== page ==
Thursday, June 18, 2009

Arctic Cat: Is this a SCREAMING DEAL or not?

Arctic Cat manufactures snowmobiles and all-terrain vehicles (ATVs) and sells related parts, garments and accessories. The company was formed in 1983 as a snowmobile manufacturer.

In 1995, the company entered the fast-growing market of ATVs. Because it had already established its brand among snowmobile customers, it was logical to cross-sell them and offer ATVs. In 1996, only 3 percent of revenue came from ATV sales. By 2007, 55 percent of revenues came from ATVs and only 32 percent came from snowmobiles. From the time that Arctic Cat entered the ATV market, its sales grew faster than the industry's. Based on several conversations with dealers of Arctic Cat, some of the reasons for Arctic Cat's success in the ATV business are:

  • brand loyalty from the snowmobile clients
  • superior suspension system
  • high durability
  • faster response time for customer demand as a result of the company's smaller size
  • innovation where competitors, such as Honda, are too complacent

Arctic Cat has a better brand name in the snowmobile market and faces fewer competitors (Polaris, Yamaha, and Bombardier) than in the ATV market (Polaris, Honda, Yamaha, Kawasaki, Suzuki, and Bombardier).

Its stock is extremely attractive because of the trading price. As of the date of this posting, the market capitalization (total # shares x price per share) for the entire company was approximately $70 million. Its inventory cost the company more than the price tag of the entire company. But some might argue that the inventory value is declining because fewer customers are buying snowmobiles and ATVs in this economy. While this is true, it does not mean that the stock is not a good deal.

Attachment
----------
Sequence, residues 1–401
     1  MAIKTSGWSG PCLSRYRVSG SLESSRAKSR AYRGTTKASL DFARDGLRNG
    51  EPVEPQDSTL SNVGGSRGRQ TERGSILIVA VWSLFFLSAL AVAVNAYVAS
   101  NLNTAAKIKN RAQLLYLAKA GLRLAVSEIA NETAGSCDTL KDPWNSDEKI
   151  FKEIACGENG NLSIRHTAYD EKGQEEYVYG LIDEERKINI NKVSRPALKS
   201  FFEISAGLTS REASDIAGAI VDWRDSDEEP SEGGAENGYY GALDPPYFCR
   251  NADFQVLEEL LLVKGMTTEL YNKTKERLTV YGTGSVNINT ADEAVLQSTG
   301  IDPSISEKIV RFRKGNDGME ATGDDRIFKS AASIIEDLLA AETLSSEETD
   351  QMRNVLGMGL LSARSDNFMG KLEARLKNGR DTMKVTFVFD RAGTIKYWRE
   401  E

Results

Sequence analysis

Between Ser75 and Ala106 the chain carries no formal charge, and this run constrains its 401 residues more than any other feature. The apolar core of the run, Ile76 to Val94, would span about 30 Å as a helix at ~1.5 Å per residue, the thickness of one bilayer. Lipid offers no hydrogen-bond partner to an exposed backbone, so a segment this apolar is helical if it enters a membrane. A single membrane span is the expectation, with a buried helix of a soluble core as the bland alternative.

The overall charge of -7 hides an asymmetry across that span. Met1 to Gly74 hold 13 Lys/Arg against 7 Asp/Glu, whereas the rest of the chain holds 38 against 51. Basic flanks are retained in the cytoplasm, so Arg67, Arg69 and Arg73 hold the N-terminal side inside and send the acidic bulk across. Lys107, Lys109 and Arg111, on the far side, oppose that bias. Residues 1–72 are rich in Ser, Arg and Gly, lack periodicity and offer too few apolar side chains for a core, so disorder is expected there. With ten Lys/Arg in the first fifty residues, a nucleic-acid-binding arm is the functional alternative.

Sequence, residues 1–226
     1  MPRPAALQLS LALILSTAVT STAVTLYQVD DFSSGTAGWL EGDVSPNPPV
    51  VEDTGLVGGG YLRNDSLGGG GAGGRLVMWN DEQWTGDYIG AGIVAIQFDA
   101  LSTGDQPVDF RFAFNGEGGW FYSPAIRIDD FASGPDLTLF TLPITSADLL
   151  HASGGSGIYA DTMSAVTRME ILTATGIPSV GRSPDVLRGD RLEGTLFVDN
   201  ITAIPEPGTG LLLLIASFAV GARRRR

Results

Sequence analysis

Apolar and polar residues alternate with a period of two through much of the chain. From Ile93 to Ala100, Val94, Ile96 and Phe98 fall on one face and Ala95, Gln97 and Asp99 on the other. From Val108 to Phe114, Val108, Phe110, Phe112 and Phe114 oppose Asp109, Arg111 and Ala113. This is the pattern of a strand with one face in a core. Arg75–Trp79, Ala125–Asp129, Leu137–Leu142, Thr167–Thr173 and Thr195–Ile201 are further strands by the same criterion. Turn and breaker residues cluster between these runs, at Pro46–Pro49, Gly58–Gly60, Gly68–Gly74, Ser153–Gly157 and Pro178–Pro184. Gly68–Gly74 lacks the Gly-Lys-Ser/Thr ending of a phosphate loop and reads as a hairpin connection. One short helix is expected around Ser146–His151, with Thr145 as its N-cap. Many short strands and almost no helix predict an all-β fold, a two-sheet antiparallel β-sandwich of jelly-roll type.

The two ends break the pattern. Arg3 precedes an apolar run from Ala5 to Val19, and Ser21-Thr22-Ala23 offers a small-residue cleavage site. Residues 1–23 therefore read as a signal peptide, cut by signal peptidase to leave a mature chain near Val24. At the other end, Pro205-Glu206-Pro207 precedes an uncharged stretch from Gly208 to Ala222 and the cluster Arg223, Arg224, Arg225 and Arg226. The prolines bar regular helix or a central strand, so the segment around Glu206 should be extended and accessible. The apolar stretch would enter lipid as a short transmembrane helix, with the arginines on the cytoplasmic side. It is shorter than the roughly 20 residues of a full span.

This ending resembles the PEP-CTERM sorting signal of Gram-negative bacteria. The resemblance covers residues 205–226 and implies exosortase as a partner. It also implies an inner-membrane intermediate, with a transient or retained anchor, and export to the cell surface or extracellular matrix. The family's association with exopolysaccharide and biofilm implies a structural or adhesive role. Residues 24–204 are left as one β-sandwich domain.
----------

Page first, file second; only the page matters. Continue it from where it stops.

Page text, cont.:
Let's say we want to get into the business of manufacturing snowmobiles and ATVs because we believe that eventually the economy will be better than it is today. What things do we need to start? Besides technical knowledge, we would need a factory, equipment, tools, raw materials (inventory), etc. These are all the things that are listed on Arctic Cat's balance sheet. Let's say we spend a total of $100 million, of which $50 million is spent on inventory and the other $50 million on equipment, tools, and a factory. Would it make any sense for us to say, "Well, we are losing money this year so we will sell it all for $25 million, which is half of what we spent on inventory?" Clearly, it would not make any sense, but this is what Arctic Cat is selling for.